Ah, yes. "Quality Assurance." QA. It's a term you no doubt have heard bantered about in the marketplace, by your vendors, and in your own hallways. But what does it really mean? Has it become a meaningless phrase, a term that all product manufacturers talk about--or at least talk around--but that has become overused, much like the terms "robust solution" or "teachable moment"?
We're going to talk about what QA really is, how to look for it and what questions to ask your thermoforming vendor, and what, exactly, our quality assurance promise is to our customers.
Ultimately, the customer (the true end user) decides if a product is "quality" or not. For us at ThermoFab and for you, that means your customers (end users) determine whether the part we thermoformed is quality.
Still, we can all takes steps to assure that what we're putting out there--from the custom thermoformed plastic enclosures to the final product itself--is the right quality. Which brings us to the next point.
What is a quality product?
A quality product meets a specific market's needs. It doesn't necessarily have to be expensive or even "high quality" to be a quality product. The market and the people in that market determine quality.
What's the difference between quality assurance and quality control?
We imagine you'll probably get different definitions depending on the source, but here's how we view it: QA and QC are different. We think this explanation from the Wikipedia page on quality assurance is accurate:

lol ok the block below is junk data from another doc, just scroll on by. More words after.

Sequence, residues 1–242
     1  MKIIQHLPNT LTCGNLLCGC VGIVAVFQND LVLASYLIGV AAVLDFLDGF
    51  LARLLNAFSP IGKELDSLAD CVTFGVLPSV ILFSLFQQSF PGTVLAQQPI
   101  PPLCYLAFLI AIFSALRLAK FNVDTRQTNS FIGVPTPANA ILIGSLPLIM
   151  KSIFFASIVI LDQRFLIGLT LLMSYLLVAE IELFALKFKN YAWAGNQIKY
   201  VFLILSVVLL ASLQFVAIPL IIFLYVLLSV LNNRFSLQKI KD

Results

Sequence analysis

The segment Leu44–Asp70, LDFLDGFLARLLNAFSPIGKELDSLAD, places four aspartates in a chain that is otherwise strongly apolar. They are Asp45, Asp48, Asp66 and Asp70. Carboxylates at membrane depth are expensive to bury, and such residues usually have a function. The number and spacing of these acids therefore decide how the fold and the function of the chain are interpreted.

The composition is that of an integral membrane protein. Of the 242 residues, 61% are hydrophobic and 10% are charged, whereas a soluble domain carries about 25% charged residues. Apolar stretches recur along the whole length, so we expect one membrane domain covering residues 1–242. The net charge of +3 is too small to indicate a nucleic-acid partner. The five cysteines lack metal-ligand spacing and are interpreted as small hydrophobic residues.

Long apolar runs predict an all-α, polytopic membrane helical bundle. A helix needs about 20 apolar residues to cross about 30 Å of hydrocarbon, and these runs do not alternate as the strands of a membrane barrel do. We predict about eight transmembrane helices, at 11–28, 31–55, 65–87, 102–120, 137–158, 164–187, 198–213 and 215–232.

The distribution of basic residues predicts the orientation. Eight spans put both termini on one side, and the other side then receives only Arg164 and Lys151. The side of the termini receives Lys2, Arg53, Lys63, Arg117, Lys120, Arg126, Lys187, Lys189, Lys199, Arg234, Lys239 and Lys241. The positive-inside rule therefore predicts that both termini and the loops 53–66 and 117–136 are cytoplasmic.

"Quality control emphasizes testing of products to uncover defects, and reporting to management who make the decision to allow or deny the release, whereas quality assurance attempts to improve and stabilize production, and associated processes, to avoid, or at least minimize, issues that led to the defects in the first place."
What's something that can hamper the production of a quality product that no one ever talks about?
What we're going to say might sound simple--even too simple--but the biggest thing that can hamper the production of a quality product is an unrealistic vision.
For example, perhaps you or someone in your company has sketched out or designed how you expect the product to look and function. Now what if you begin to talk it up and market this idea to people--upper management, marketing, sales, even potential customers--only to realize once you sit down with your manufacturing vendor that your original vision (i.e. your design) needs to be adjusted or tweaked?
Read more in our May eNewsletter: http://www.thermofab.com/newsletters/may-2010-thermoforming-quality-assurance/